“The issue is whether they [emerging economies] are experiencing the kind of credit boom that inevitably ends with a bust. Evidence is not reassuring in this regard”.

 Read more

Turkey’s banking industry could be damaged unless the central bank reverses last year’s decision to stop paying interest on required reserves, the head of one of the country’s biggest lenders claims.

Suzan Sabanci, chairman of Akbank, told the Financial Times that new rules requiring banks to lodge 15 per cent of short-term lira deposits with the central bank risked fundamentally weakening banks unless they received interest in compensation. “The government is trying to be cautious that the economy doesn’t grow too fast. And I agree with that,” she said. “But we need to be recompensed. They should start paying interest in six months’ time.” Read more

Consumer price inflation has fallen back to 4 per cent in the UK, against expectations that the rate would hold steady at 4.4 per cent. Month-on-month, prices rose by 0.3 per cent.

Food and non-alcoholic beverage prices drove the reduction. Supermarket-led sales helped to temper price rises across a broad range of foodstuffs. Fruit, bread and cereals were particularly affected. Overall, the change in food and beverage prices contribued -0.2 toward the -0.4 percentage point change between February and March, though the category as a whole still rose 4.5 per cent y-o-y. Read more

Reading the commentary, one would think the Bank of Korea had raised rates, but in fact they held, as expected.

Inflation was 4.7 per cent in the year to March, against the Bank’s target of 4 per cent, “due mostly to the rises in prices of petroleum products and personal services.” More than this, swift price rises are set to continue and inflation expectations are growing. The Bank said: “There is a growing possibility of this high rising price trend persisting in the coming months, driven largely by increased demand pressures from the economic upswing, by instability of international commodity prices, and by elevated inflation expectations.”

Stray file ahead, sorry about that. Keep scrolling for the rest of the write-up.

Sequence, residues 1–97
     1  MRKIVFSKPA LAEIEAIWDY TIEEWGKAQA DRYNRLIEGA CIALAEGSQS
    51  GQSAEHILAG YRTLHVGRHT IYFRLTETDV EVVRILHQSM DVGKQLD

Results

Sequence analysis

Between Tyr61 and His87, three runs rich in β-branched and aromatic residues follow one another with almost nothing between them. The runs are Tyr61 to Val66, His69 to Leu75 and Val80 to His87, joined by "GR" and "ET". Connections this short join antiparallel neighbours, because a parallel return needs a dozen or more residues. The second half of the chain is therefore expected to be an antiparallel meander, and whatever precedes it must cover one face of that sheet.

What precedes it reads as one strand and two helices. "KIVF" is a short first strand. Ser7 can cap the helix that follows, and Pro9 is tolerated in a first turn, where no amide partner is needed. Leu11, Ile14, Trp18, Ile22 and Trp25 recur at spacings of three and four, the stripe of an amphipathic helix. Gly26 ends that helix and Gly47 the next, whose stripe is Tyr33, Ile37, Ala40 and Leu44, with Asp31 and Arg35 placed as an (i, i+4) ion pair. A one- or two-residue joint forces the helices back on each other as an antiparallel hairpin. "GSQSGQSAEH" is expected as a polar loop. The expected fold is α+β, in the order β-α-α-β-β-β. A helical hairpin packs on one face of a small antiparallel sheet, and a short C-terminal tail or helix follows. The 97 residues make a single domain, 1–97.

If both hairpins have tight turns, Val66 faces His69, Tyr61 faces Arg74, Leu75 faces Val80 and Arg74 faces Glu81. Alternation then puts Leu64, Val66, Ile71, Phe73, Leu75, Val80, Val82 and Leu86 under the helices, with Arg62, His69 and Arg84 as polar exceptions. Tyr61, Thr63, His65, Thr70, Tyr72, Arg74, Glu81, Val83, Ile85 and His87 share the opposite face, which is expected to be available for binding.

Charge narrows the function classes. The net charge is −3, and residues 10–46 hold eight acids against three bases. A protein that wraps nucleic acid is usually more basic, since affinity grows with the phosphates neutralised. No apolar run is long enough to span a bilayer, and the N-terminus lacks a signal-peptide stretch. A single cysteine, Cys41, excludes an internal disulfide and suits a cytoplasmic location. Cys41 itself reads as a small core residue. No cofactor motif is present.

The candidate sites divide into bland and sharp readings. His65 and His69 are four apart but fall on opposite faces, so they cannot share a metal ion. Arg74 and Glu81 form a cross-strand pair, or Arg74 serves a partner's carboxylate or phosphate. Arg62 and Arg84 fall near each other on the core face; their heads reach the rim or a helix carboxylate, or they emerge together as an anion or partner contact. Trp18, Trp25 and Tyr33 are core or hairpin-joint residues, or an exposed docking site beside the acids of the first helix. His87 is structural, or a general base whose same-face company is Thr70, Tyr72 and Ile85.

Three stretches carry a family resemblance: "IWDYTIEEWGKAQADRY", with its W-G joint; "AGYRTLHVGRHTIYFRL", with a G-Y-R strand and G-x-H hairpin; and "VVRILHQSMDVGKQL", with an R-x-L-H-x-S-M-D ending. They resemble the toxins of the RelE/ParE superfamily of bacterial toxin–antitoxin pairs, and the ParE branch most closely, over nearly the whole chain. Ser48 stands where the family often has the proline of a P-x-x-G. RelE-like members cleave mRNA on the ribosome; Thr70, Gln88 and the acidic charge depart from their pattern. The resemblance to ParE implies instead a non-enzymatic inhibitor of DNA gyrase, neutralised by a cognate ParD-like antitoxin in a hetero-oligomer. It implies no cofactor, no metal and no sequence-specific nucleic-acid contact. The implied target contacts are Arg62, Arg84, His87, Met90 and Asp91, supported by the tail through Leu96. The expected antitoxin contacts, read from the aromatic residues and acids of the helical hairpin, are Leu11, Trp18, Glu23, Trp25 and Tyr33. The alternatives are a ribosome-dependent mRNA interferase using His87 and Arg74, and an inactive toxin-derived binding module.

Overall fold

Typically, high and rising inflation would prompt a rate hike. Particularly since strong growth continues, and is expected to continue. “The committee Read more

The ECB denies nudging Portugal towards its bail-out, but data just released suggest otherwise. Despite growing problems in the eurozone the ECB bought no government bonds last week. Buying government bonds either at auction or through the secondary market is a practice employed heavily in the past but frugally of late to suppress the cost of debt in vulnerable economies and shore up market confidence.

It also means the ECB did not buy any bonds in Portugal’s punitive bill auction last week. The prohibitive cost of debt at that auction is likely to have influenced Portuguese policymakers in seeking a bail-out. Lisbon is facing the expiry – and therefore the refinancing – of nearly €4.4bn debt in mid April and the bill auction gave an indication of the market’s likely price. Read more

Ralph Atkins

The competition to succeed Jean-Claude Trichet, who steps down as European Central Bank president at the end of October, was a big story in February - when Axel Weber, Germany’s Bundesbank president, withdrew from the race. Since then it has gone quiet.

Now news agency reports from the European Union finance ministers’ meeting near Budapest, Hungary, at the weekend suggest a decision may not be taken until an EU summit at the end of June. Germany’s government “has decided to form its opinion close to that date,” Bloomberg reported Wolfgang Schäuble, the country’s finance minister as saying.

That sounds plausible. Read more